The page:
As old as I am, I have not attended as many concerts as I honestly should have. My first concert was at the Five Seasons Center where I watched Johnny Cash (aka The Man In Black) in the first row with my mom and step-father. I begged and pleaded with my mom who reluctantly allowed me to attend my second concert with my friends. White Snake was opening for Quiet Riot. I made out with a girl that night. It was awesome.
A Concert for Geeks
Now, both my kids are getting to that age where they too will be asking to attend concerts with their friends. The current favorites are Nickelback, Linkin Park, John Mayer and The Family Values tour. The trick is getting them involved in watching their favorite artists ‘LIVE’, but not so involved that it becomes dangerous. So, when the opportunity came to watch one of MY favorite artists, Weird Al Yankovic, how could I not resist the chance to take my kids to a concert that would be as exciting as it would be lame. I mean, Weird Al fans aren’t notorious boozers and drug fanatics. Simply put; they are geeks.
History with Weird
My kids have grown up with my fondness for Weird Al’s music. During every drive I have made while transporting my kids between Tennessee and Iowa, we listened to Weird Al’s latest CD at least once. It takes 10 hours to traverse that distance and I made that drive six to eight times a year. That’s a LOT of Weird Al. I may have to re-purchase ‘Running With Scissors’ as the surface has become so worn that the CD is nearly impossible to play.
Weird Al LIVE
He performed at the Paramount Theatre in Cedar Rapids and it marked the second time I had seen his ‘LIVE’ performance. As with the first, Sunday’s performance did not disappoint as Al and his crew played almost every song I could remember from his albums. Most of the night was spent listening to his latest hit albums; Running With Scissors and Straight Out Of Lynwood. Somehow I forgot about his Green Day parody, ‘Canadian Idiot’, which completely rocked the house.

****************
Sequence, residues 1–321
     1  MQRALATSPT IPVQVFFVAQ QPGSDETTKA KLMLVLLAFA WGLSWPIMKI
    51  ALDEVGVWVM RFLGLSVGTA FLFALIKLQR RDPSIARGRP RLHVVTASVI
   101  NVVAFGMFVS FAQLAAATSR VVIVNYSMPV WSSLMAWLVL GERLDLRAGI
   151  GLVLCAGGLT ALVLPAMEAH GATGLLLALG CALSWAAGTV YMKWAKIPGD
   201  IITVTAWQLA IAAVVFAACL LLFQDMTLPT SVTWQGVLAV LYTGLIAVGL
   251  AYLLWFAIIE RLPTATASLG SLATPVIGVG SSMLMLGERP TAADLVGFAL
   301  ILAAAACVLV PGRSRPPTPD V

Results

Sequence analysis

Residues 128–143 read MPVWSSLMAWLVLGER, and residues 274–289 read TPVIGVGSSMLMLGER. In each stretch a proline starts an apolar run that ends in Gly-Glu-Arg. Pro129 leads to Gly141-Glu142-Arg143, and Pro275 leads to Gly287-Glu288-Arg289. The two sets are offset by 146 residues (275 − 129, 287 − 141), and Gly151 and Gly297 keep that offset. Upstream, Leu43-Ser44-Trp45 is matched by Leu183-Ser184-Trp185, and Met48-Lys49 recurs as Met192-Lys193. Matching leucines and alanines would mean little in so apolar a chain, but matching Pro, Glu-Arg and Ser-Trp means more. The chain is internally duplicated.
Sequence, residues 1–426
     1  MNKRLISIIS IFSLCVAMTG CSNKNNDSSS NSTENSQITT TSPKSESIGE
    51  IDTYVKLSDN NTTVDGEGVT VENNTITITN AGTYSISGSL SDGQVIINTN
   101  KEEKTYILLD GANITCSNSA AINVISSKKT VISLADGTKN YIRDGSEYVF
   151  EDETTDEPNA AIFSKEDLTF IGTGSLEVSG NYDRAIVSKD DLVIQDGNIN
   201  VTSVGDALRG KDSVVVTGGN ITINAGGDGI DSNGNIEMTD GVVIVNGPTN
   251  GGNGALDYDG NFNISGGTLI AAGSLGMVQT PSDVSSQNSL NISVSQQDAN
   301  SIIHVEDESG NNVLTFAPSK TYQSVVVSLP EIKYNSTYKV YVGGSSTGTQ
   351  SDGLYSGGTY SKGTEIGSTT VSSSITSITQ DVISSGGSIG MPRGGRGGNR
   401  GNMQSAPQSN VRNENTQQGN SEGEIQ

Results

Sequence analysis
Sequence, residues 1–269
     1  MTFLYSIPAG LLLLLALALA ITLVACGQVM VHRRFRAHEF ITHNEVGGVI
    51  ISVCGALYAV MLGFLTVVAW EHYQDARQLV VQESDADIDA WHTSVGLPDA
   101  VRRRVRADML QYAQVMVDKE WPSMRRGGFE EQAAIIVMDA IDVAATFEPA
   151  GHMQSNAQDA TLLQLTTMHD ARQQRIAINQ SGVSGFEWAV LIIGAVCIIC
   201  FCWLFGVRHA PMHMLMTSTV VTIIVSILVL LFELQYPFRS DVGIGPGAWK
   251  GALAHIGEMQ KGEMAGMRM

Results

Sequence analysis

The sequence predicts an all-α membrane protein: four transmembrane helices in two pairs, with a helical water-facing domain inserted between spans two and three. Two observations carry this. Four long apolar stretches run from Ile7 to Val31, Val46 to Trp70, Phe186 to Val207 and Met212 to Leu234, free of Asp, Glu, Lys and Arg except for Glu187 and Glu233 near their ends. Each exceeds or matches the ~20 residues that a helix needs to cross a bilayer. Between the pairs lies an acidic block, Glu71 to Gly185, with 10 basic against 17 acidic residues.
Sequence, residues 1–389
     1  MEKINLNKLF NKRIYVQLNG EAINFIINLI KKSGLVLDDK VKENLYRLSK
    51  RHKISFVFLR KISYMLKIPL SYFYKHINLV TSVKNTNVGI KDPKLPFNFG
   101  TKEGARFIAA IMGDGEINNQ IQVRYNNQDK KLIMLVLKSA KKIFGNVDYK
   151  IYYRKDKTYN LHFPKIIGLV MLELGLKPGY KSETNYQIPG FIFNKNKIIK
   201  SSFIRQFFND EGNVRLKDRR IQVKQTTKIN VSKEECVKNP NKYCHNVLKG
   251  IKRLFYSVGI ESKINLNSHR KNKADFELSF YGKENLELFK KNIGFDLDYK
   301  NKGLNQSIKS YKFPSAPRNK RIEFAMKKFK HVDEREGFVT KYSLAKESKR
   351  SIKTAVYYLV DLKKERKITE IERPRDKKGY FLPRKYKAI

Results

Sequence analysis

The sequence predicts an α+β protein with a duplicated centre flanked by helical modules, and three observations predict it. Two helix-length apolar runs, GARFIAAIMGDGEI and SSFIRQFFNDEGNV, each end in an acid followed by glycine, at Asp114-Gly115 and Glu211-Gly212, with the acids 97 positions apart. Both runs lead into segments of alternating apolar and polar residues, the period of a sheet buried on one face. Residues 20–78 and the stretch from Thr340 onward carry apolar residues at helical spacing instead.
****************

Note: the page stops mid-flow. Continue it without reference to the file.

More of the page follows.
Haley, Angie and I commented on how Weird Al never misses a good lyric. I don’t know how he does it. What surprised me the most, was his encore song. My kids have been rockin’ with me for years to the tune, “Albuquerque” and when Al’s band played the first bar, my mouth literally dropped. The song is SOOOOOOOOOOO long and the lyrics are eleven minutes of rambling. How ANYONE can remember that much dialog is amazing.
Missing My Son
Still, the most disappointing aspect about the evening had nothing to do with the performance. My son, Jared, was in the middle of a school sponsored trip to Washington D. C., so he was not able to attend the show. I knew he was enjoying himself in the nation’s capitol, but his presence was sorely missed.
Haley took most of the pictures from that night. Every time I looked over at her, she had her eyes fixed upon the LCD on the back of her digital camera, bouncing back-and-forth and singing the lyrics along with Weird Al. The smile on her face was priceless.
It’s All About the Fandom
After the show, Angie, Haley and I waited for nearly an hour trying to get Weird Al’s autograph. I’ve never waited to get anyone’s autograph before. But, Angie insisted and we scampered to the back of the Paramount, giggling like a pack of teenagers. The mood was light and the fans were an eclectic bunch. They ranged from grade-schoolers to grandparents. Some had brought CD covers from home, while others (like us) didn’t think about an autograph until later. All we had were the show tickets that Angie had so elegantly procured in the first place.
Angie mentioned that she had actually ran into Weird Al while she was living in New York. They bumped into each other, walking in opposite directions. It wasn’t until he had apologized for not watching where he was going, did Angie realize who she was standing face-to-face with. He continued walking down the street, leaving Angie a bit dumb-founded at the encounter. I can’t honestly think of what I would have done.
After nearly an hour, we were informed to form a line and told NOT to take any pictures. We hurried together and filed one-by-one past the entrance to Al’s tour bus. Weird Al appeared tired, as he sat in the steps to his bus. I handed him my ticket-stub, telling him, “Welcome back to Cedar Rapids.” Al commented back, “I’m trying to remember exactly when we were here last,” handing the freshly signed ticket back to me. I glanced at it and shook his hand. “Thanks for an awesome show”, I replied. He simply smiled back at me awkwardly. I was struck by how soft-spoken he was. It hit me afterwards that Al was just another guy. He’s just a guy that got lucky enough to do exactly what he wanted and make good money doing it.
I’m crossing my fingers that I get just as lucky. Wouldn’t that just be a hoot.